Is the search titan's complaint against Microsoft and its Windows Vista desktop search overblown? The bloggers debate
News of Google's claim that Windows Vista desktop search breaks Microsoft's antitrust agreement broke Saturday in The New York Times (readers must log in before reading the article). The Google (GOOG) complaint, filed with the Justice Dept. and state attorneys general, asserts that the search function embedded in Windows Vista interferes with other desktop search tools, including Google's own.
The Times' Stephen Labaton uses the scoop to show how far the Justice Dept. has turned around on the software behemoth since it settled U.S. v. Microsoft in 2002.
"In the most striking recent example of the policy shift, the top antitrust official at the Justice Dept. last month urged state prosecutors to reject a confidential antitrust complaint filed by Google that is tied to a consent decree that monitors Microsoft's behavior," he writes.
The official? Thomas Barnett, an assistant attorney general who until 2004 was a chief antitrust lawyer at the firm that represented Microsoft. Barnett never worked on Microsoft at the firm, reports the Times (NYT), but at the Justice Dept. he had recused himself from the case until he was cleared by "ethics lawyers" to deal with it.
Barnett's memo instructing state prosecutors not to pursue Google's complaint appears to be highly unusual, and did not sit well with all the state attorneys general involved.
Google's Two Cents
Google did not comment to the Times. The Seattle Post-Intelligencer's Todd Bishop, who writes a blog devoted to Microsoft, got the statement:
"Microsoft's current approach with Vista desktop search violates the consent decree and limits consumer choice. The search boxes built throughout Vista are hard-wired to Microsoft's own desktop search product, with no way for users to choose an alternate provider from these visible search access points. Likewise, Vista makes it impractical to turn off Microsoft's search index."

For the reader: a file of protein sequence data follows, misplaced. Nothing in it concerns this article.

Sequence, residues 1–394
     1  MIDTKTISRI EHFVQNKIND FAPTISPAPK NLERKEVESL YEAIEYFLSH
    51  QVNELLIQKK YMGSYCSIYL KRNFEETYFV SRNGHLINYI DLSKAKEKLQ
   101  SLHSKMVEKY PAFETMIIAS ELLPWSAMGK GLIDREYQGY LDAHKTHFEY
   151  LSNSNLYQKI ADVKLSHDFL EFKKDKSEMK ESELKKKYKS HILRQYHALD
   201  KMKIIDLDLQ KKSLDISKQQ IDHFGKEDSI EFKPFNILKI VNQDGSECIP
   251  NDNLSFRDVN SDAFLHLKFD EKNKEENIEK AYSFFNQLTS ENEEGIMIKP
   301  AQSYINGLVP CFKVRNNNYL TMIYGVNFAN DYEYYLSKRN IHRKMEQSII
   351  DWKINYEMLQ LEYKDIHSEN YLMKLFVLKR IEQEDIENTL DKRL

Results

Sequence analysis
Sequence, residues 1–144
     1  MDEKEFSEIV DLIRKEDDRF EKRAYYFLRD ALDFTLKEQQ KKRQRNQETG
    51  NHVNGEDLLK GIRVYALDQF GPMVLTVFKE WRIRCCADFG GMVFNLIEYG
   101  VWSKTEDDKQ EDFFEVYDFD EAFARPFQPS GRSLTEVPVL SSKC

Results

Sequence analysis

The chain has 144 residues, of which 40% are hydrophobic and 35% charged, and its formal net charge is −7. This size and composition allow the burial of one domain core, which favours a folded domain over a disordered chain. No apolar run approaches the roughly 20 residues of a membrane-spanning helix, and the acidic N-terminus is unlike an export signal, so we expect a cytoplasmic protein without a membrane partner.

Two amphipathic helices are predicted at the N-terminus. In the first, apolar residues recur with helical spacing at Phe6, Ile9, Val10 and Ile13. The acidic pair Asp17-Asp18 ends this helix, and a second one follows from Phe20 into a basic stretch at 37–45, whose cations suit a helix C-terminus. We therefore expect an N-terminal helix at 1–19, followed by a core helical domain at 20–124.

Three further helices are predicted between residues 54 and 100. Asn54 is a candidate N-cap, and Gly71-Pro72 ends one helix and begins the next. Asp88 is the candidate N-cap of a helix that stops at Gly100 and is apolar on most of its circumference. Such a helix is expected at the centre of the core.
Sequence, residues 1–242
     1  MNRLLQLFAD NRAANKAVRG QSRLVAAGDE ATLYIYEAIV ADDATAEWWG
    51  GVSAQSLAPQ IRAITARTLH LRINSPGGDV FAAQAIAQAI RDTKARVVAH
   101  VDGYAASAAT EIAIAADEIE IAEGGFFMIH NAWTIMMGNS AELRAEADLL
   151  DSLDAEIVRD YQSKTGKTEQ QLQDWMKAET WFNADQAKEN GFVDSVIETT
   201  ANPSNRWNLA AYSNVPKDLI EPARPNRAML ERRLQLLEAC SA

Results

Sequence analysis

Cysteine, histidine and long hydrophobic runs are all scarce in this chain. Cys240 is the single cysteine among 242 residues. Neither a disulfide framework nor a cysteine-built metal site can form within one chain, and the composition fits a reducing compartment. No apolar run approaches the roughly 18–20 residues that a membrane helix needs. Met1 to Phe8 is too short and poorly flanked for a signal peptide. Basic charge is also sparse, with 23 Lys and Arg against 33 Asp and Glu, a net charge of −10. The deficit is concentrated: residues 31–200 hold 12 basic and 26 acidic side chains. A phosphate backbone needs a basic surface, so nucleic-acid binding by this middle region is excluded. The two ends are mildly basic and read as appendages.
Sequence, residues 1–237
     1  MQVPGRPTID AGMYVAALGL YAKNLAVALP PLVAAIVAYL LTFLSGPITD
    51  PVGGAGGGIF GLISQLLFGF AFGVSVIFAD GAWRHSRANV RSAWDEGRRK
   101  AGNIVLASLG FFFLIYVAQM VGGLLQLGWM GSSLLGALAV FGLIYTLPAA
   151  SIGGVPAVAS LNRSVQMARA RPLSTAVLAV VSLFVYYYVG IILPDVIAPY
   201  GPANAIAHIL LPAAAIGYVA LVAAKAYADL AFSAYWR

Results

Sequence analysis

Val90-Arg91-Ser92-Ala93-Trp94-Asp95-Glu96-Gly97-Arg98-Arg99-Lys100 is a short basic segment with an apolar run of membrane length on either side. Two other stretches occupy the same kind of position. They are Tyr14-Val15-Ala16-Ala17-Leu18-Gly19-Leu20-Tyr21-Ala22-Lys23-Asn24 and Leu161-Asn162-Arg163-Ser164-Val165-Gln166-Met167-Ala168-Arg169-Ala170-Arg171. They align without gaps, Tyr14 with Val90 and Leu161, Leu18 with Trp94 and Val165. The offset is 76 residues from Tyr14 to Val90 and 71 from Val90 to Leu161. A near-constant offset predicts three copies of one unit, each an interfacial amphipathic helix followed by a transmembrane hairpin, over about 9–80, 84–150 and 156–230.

Microsoft says an independent Justice Dept. committee vetted Vista to make sure it did not violate the terms of the settlement. The company also says it tweaked Vista after Google and others raised concerns—although what changes were made is unclear.
Should users be able to attach the Vista search interface to Google Desktop? Bishop sees the question of whether the Vista search boxes can be linked to another search as a "sticking point."
Some bloggers think Google's charges are overblown. Central to the Google complaint is the claim that Vista's "indexer," which organizes information for the search tool, can't be shut off easily. Google says that having the indexer run alongside its own search hurts the program's performance.
But Joe Wilcox at Microsoft Watch writes that there's no reason Microsoft should dial back its Vista search tool.
"True, the Vista indexer doesn't have an easily accessible off switch—and why should there be one? Search is an obvious operating system utility. That said, Vista's indexer will throttle back performance in the presence of another indexer or other applications with hefty processing demands."
Wilcox also says the story should never have been leaked and takes a look at the legal implications. The long and short of it is he thinks the Times got played by state attorneys general looking to score points off the Justice Dept.
Nate Anderson at Ars Technica points out that antitrust accusations fly both ways: Microsoft publicly objected to Google's $3.1 billion buyout of online ad system DoubleClick in April (see BusinessWeek.com, 4/14/07, "Google's DoubleClick Strategic Move"). The company charged that the deal would give Google as much as 85% of the online ad market. At the time, Microsoft said the buyout raised concerns about competition.
"Google has been playing the same game, but it has conducted its campaign in secret and directly with the federal government," writes Anderson.
Well, in secret until someone told The New York Times.